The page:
Home Buyer Dis: “Looks Like Too Many Trips to Home Depot”

What makes a home “stuck in Pergatory?”

Too much Pergo, for one thing (sorry, bad pun).

For those who don’t know, Pergo is a laminate made to look like hardwood floors, and is about half the price per square foot as the real thing.

Those savings are less than meets the eye, however, because the majority of the cost associated with installing hardwood floors is for labor, not materials.

Penny Wise, Pound Foolish

The other problem is that Pergo doesn’t really fool anyone.

On the contrary, the minute I see an ocean of Pergo, I immediately look for other shortcuts.

Like . . .

—Cheap replacement windows (usually vinyl).
—Off-brand appliances and plumbing fixtures.
—Bargain Kitchen cabinets and counters.
—Cheap mill work and doors (millwork is all the wood and wood trim in a home, including doors, mouldings, baseboards, arches, etc.).

“Never Just One Cockroach”

That last one in particular always strikes me as penny wise, pound foolish: nothing torpedoes the feel of an otherwise well-built home than opening a cheap (and hollow) aluminum front door.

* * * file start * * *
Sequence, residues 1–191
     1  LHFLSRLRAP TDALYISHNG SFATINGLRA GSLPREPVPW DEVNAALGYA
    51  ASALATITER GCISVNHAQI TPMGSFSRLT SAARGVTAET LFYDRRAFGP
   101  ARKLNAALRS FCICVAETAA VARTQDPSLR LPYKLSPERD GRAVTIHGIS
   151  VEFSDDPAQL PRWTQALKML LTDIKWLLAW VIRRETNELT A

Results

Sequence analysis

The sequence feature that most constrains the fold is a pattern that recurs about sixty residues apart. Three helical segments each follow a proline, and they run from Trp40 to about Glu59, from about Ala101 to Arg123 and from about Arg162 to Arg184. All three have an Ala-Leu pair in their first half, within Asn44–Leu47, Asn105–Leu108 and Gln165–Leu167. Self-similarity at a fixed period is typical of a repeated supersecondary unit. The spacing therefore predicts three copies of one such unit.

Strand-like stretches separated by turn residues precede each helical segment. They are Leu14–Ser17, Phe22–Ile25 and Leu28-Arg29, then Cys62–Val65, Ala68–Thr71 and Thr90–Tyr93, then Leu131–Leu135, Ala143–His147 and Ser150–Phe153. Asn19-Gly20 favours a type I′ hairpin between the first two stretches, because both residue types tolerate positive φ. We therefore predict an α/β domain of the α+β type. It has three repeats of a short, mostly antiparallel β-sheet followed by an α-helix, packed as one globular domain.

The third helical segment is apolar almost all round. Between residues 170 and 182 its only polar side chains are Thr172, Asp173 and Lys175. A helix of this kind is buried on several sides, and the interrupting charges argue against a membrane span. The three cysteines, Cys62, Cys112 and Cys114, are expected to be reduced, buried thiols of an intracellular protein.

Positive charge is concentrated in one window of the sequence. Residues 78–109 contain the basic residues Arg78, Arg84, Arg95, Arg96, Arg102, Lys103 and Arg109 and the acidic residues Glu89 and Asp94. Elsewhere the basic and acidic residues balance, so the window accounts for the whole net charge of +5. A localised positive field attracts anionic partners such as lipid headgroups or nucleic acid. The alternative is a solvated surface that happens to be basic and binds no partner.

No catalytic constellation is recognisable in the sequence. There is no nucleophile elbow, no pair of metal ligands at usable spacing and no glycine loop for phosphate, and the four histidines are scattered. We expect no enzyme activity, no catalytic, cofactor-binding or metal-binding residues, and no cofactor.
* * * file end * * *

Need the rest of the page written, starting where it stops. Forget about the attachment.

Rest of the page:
Once you’ve toted up all the visible shortcuts, your attention (legitimately) turns towards what you can’t see (or don’t initially focus on).

Such as, the status of the home’s plumbing and electrical systems; the condition of the roof (if it’s winter and covered with a foot of snow); the furnace, a/c, and water heater; and the home’s light fixtures.

I still remember one of the most devastating ” and succinct ” comments I got from a prospective Buyer while holding a Sunday open years ago: “looks like too many trips to Home Depot.”

P.S.: Stagers and home sellers love Ikea because it’s so stylish and cheap. Long-term homeowners . . . usually don’t.

**The place Dante wrote about is spelled “Purgatory” (“Purgatorio” in Italian).

About the author

Ross Kaplan has 19+ years experience selling real estate all over the Twin Cities. He is also a 12-time consecutive "Super Real Estate Agent," as determined by Mpls. - St. Paul Magazine and Twin Cities Business Magazine. Prior to becoming a Realtor, Ross was an attorney (corporate law), CPA, and entrepreneur. He holds an economics degree from Stanford.

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